Left in the hands of Deborah, Othello was tasked with helping around the house. It is speculated that Othello may have been Jemima’s son and was perhaps inoculated against smallpox. Othello died in 1760, an event believed to have caused Deborah much sorrow. In a now-lost letter to Franklin, Deborah advised Franklin of the boy’s death to which Franklin replied “sorry for the death of your black Boy, as you seem to have had a regard for him.”
George was acquired shortly after Franklin’s brief return to Philadelphia in 1762. It is possible that George was received by Franklin as part of a payment owed by his old friend and business partner James Parker in 1763.
While serving the Franklins, George maintained his marriage to an enslaved woman in another household. He ran errands for the house, took care of family business and made social calls for Deborah. It appears that George was later given to Franklin’s daughter Sally and her husband, Richard Bache, at the time of their marriage in 1767.
By December 1780, George was suffering from an illness as described by Sally Franklin in a letter to her nephew, William Temple Franklin, who wrote that he had “gout in his stomach.” George would then die in 1781, possible as a result of this illness.
Bob was acquired during Franklin’s tenure in England and was in the household by 1770. Shortly after Franklin’s return in 1775, Bob was given to Sally and Richard Bache.
In his 1788 will, Franklin would make a provision that required his daughter and son-in-law to free Bob in order to receive their inheritance. He requested that Richard “immediately after my decease manumit and set free his negro man Bob.” Thus, when Franklin died shortly after in 1790, Bob would have received his freedom.
 Gary Nash, “Franklin and Slavery,” Proceedings of the American Philosophical Society 150, no. 4 (2006): 620.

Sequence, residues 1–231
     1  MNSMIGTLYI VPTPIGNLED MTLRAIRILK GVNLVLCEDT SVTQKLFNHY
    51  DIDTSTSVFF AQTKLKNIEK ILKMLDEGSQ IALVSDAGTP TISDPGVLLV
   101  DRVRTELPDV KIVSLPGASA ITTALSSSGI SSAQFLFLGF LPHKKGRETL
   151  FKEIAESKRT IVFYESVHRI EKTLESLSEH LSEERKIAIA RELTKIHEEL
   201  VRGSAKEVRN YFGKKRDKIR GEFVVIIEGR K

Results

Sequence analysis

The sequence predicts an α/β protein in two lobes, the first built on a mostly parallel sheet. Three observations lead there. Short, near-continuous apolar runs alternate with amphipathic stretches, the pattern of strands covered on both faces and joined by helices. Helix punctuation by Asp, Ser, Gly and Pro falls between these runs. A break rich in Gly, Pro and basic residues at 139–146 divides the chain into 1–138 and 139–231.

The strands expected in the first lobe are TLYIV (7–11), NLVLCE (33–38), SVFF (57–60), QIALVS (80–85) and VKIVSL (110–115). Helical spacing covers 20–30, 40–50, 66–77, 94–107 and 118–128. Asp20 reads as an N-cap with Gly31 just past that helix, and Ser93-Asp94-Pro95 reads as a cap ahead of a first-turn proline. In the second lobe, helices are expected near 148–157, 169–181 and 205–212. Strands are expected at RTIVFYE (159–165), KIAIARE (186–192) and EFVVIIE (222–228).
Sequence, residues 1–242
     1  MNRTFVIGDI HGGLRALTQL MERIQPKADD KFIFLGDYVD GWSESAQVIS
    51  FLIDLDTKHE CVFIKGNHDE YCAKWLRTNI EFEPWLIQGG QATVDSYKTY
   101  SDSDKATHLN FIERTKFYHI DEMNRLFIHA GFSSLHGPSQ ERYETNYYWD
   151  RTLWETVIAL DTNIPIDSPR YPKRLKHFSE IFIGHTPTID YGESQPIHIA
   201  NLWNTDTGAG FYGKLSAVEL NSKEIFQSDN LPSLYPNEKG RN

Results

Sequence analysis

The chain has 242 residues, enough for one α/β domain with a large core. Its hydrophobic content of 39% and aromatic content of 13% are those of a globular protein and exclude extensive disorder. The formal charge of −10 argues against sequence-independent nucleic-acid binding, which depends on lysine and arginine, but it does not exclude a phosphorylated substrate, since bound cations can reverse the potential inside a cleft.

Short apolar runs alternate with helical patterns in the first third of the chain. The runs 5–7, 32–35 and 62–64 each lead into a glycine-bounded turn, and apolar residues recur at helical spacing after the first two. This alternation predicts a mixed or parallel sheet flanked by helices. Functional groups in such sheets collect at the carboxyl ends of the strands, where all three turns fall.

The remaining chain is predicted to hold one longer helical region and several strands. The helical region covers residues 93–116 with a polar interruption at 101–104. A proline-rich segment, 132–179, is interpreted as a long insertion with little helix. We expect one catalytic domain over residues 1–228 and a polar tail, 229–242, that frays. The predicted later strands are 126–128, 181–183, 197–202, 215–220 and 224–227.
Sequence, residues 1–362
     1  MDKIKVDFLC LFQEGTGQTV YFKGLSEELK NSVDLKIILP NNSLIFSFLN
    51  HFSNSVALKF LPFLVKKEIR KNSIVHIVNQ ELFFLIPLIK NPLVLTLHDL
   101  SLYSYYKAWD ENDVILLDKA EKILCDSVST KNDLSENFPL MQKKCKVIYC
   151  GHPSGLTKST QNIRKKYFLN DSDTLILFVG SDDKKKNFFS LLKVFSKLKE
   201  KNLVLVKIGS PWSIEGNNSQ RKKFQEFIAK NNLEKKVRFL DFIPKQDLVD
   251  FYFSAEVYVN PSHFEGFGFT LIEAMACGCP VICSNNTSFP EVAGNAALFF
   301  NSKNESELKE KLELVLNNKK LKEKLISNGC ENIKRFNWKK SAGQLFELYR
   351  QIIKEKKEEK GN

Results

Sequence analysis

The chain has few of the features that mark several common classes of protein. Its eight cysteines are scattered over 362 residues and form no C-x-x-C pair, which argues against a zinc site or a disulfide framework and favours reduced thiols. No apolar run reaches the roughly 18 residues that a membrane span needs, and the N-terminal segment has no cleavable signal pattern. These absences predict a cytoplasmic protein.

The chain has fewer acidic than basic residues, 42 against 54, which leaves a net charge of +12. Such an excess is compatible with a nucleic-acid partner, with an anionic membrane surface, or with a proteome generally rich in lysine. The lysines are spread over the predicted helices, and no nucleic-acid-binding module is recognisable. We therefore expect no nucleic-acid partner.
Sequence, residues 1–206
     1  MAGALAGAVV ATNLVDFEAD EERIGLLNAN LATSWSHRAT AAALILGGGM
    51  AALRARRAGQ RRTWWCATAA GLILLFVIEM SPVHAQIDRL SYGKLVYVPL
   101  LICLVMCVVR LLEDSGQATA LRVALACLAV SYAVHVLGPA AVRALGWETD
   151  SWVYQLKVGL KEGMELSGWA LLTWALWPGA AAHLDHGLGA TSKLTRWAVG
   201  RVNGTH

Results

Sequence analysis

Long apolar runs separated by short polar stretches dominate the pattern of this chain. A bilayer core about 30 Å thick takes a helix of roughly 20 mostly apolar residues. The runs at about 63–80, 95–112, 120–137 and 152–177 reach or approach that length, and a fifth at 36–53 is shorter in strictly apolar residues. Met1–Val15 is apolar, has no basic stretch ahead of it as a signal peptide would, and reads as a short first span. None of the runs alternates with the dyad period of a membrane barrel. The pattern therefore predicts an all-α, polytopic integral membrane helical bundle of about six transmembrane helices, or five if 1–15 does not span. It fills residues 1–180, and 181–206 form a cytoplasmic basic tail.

Benjamin Franklin Historical Society. “Slavery and the Abolition Society.” Benjamin Franklin Historical Society. Accessed 15 February 2023 http://www.benjamin-franklin-history.org/slavery-abolition-society/
Gladney, VanJessica. “Benjamin Franklin and Slave Ownership.” Penn and Slavery Project. Accessed 15 February 2023, https://pennandslaveryproject.org/exhibits/show/slaveownership/earlytrustees/benfrank
Hayes, Kevin. “New Light on Peter and King, the Two Slaves Benjamin Franklin Brought to England.” The Author. Oxford University Press, 2013.
Historic England. “Black Lives in England.” Historic England. Accessed 15 February 2023, https://historicengland.org.uk/research/inclusive-heritage/the-slave-trade-and-abolition/sites-of-memory/black-lives-in-england/
Nash, Gary B. “Franklin and Slavery.” Proceedings of the American Philosophical Society 150, no. 4 (2006): 618–35, http://www.jstor.org/stable/4599029.
National Archives. “Benjamin Franklin’s Anti-Slavery Petitions to Congress.” National Archives and Records Administration, accessed 15 February 2023, https://www.archives.gov/legislative/features/franklin
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Fisher, Sydney. The True Benjamin Franklin: An Illuminating Look into the Life of One of Our Greatest Founding Fathers.
Franklin, Benjamin. The Autobiography of Benjamin Franklin. New York: Simon & Schuster, 2004.
Goodwin, George. Benjamin Franklin in London: The British Life of America’s Founding Father. New Haven: Yale University Press, 2016.
Isaacson, Walter. Benjamin Franklin: An American Life. New York: Simon & Schuster, 2004.
Waldstreicher, David. Runaway America: Benjamin Franklin, Slavery, and the American Revolution. New York: Hill and Wang, 2004.
Wood, Gordon. The Americanization of Benjamin Franklin. New York: Penguin Books, 2005.